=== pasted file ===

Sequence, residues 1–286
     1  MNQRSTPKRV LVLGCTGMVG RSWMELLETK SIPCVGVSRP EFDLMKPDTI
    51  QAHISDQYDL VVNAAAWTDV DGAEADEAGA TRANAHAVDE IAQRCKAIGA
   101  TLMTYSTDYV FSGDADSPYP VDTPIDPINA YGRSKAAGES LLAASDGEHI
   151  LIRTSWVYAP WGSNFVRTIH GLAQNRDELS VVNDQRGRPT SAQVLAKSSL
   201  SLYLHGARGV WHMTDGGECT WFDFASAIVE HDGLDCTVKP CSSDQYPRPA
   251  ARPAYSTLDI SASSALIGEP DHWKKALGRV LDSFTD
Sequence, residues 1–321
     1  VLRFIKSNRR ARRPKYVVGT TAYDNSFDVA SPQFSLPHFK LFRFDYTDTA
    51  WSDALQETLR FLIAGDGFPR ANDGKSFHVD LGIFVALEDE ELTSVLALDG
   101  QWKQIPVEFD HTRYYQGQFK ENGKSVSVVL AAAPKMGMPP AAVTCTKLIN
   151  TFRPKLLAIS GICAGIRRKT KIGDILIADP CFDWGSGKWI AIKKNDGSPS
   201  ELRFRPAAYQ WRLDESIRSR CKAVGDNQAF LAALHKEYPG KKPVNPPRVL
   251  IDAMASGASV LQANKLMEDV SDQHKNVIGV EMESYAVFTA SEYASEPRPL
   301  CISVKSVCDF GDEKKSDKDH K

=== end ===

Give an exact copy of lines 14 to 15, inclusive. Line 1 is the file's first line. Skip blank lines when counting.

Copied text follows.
   251  IDAMASGASV LQANKLMEDV SDQHKNVIGV EMESYAVFTA SEYASEPRPL
   301  CISVKSVCDF GDEKKSDKDH K